Even if you're teaching yourself, repetition is critical. Learning parts of speech, pronunciation and spelling are all important parts of the process. So when you're figuring out how to learn a language, leave plenty of room for speaking it. Sure, you'll be speaking it poorly at first. When you set a foundation of practicing what you learn, though, you'll build the necessary skills. You'll start gaining confidence and accuracy with every conversation in your new language.
3. Involve Others in the Process
Beyond merely sharing your progress, communicating in your new language can make things easier. Maybe you have a mentor or a close friend holding you accountable. Or perhaps you can find a community online to offer some support and feedback.
Whatever source you choose can be an inspiration and motivation. You probably know how you learn best, so try to find someone who supports you in that way. It certainly doesn't have to be someone trying to learn the same language. Even if it's a family member who's always been there for you, the encouragement can go a long way.
4. Embrace Failure
Failing is a big part of trying. And you'll have to try persistently in order to master another language. As adults, we sometimes want perfection. But think about how most children learn to speak. They will mutter any words they know and exercise their vocabulary even when it makes no sense.
But in the end, they have a firm grasp on all the idiosyncrasies of the language. And you can have the same deep understanding if you approach it in the same way. Even if the reason you're figuring out how to learn a language is serious, you can still have fun. If you approach the process with a child's curiosity and willingness to try and fail, it will likely benefit you.
5. Set Real World Goals
Maybe you're figuring out how to learn a language based solely on a thirst for knowledge. And if that's sufficient motivation to keep you on the path, then we wish you great success. But for many of us, it takes a bit more to prompt us toward such a serious undertaking.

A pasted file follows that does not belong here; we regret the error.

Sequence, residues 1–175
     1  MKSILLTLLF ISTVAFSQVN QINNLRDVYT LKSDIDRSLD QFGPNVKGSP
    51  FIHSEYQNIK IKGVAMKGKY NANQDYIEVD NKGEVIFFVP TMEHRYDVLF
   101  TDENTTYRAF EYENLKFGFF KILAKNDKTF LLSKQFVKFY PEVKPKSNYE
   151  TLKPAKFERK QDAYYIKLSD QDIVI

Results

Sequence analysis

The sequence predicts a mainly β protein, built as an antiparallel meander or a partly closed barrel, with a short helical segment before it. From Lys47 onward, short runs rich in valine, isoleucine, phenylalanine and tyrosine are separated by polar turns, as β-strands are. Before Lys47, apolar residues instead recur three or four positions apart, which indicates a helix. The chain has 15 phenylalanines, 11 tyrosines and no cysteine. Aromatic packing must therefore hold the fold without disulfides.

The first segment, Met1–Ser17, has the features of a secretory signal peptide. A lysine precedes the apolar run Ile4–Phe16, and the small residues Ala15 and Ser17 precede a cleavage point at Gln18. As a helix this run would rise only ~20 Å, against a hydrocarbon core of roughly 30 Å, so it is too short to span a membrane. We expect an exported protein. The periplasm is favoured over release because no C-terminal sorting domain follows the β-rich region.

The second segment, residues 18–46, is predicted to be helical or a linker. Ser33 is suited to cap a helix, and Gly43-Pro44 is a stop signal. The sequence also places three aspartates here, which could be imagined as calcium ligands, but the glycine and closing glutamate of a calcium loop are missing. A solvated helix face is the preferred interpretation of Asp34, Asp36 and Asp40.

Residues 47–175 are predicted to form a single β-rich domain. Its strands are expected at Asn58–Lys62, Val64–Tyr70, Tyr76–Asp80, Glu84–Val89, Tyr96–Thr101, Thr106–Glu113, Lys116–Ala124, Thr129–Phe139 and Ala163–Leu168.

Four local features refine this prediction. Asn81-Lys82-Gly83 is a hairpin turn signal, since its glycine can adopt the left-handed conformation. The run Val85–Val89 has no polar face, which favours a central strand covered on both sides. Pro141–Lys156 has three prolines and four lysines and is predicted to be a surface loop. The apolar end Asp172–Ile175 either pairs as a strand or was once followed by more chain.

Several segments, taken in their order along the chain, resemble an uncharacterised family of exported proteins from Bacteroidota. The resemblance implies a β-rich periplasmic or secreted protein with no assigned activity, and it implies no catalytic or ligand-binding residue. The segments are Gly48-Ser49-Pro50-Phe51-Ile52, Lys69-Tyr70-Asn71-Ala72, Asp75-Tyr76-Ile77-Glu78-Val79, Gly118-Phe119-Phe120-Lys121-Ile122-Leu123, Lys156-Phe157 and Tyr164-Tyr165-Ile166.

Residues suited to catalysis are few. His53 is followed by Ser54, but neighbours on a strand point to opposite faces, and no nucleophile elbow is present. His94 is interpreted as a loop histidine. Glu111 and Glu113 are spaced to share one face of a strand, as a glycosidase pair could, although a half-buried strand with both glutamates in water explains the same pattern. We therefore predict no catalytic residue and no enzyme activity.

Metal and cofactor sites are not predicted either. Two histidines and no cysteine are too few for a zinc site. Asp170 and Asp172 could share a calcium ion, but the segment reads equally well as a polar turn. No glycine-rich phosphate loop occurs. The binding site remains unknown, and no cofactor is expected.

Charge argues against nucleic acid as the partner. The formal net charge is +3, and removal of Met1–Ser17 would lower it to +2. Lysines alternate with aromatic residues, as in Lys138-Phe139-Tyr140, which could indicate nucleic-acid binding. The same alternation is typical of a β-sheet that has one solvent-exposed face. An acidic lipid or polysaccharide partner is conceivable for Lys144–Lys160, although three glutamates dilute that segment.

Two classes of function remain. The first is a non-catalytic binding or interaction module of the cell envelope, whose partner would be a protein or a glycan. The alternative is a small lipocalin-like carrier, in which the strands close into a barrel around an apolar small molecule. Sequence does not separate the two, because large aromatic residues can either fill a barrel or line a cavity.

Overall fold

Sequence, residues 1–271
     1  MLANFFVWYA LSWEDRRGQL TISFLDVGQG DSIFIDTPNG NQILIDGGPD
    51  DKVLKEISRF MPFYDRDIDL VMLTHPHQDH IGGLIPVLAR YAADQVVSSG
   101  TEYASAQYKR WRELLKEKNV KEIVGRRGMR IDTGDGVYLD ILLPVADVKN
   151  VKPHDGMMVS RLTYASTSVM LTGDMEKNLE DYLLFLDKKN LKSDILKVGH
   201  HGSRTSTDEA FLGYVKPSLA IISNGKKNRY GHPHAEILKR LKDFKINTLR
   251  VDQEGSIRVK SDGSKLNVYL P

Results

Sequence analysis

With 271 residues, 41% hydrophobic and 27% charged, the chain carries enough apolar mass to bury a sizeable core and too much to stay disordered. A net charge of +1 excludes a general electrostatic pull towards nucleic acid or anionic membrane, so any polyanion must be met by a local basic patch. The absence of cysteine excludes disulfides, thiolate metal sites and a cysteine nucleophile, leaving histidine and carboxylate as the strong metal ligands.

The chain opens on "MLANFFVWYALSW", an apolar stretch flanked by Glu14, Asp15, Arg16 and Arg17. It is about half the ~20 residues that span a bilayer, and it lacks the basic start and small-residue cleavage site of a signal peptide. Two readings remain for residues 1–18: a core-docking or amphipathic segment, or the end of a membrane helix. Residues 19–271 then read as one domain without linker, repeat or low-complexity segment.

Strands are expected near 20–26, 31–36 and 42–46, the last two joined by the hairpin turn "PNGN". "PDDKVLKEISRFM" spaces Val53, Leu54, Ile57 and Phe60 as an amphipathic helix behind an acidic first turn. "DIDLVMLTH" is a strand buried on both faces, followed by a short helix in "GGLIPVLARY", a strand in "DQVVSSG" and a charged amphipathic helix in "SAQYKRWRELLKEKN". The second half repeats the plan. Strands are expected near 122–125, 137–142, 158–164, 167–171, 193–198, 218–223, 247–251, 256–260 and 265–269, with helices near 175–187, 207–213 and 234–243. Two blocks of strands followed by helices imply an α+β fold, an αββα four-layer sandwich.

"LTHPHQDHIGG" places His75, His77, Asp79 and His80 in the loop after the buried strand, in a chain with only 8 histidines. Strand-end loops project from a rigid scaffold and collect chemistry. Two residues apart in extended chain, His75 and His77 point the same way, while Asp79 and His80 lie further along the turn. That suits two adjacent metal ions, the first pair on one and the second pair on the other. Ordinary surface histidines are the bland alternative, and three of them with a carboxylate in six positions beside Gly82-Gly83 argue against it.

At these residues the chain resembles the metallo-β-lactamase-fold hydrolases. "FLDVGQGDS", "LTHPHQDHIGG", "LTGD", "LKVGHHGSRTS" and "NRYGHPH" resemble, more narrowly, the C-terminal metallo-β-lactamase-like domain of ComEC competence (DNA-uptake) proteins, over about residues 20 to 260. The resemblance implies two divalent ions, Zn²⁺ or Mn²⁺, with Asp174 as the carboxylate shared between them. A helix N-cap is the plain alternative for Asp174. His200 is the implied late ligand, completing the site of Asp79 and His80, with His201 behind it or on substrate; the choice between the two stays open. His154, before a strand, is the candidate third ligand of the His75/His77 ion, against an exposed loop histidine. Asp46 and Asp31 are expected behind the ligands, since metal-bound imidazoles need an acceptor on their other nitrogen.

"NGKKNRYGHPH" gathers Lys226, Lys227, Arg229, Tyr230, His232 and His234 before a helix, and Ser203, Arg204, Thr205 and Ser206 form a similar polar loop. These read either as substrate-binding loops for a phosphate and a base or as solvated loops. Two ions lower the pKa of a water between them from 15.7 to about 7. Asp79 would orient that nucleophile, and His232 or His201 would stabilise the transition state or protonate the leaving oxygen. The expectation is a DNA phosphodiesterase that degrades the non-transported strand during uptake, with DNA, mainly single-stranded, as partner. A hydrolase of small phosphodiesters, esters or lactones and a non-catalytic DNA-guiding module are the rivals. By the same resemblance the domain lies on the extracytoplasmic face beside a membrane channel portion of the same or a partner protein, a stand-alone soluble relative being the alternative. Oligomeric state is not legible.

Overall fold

It could be a desire to travel around the world. Sure, luxury vacations in exotic locations are great in any language. But if you can speak to your hosts in their native language, the experience could be much deeper. Or perhaps you are interested how to learn a language for your profession. Maybe you're thinking about working abroad or as a translator. Many nations are multilingual. So it could be that you just want to be able to communicate with everyone around you.
Whatever it is that has you searching how to learn a language, make sure to keep it in your vision. You're working toward something, no matter how abstract it might be. And a big part of visualizing success if picturing what it will look like. How do you want to use your new language? Is there one specific reason or will it reshape the rest of your life? You probably already know your motivation. Now just keep that dream nearby as you start digging into the next chapter of your journey.
6. Pay Attention to Native Speakers
Folks who natively speak the language you're learning can be a big source of subtle knowledge. These are the people who know all of the distinct phrases and pronunciation differences between dialects. We even recommend watching the mouth movements of native speakers to help with your diction.
That can actually help you remember how to form your words in the language you're learning. Hearing those pronunciations can be a big assistance. And watching those individuals as they speak might just be another layer contributing to your success.
Don't know any personally? You can probably find plenty of videos in the language you're hoping to learn. The point is to continue immersing yourself in the language and culture. It'll be a while before you're speaking it perfectly. But each new trick gets you closer to your goal. And few people can help you identify those subtleties than the people who speak the language every day.
There are many methods of becoming fluent in a new language.
If you enjoyed our article, share it with those in your life who might appreciate the expert advice. And leave us a comment below if you have any final thoughts or questions.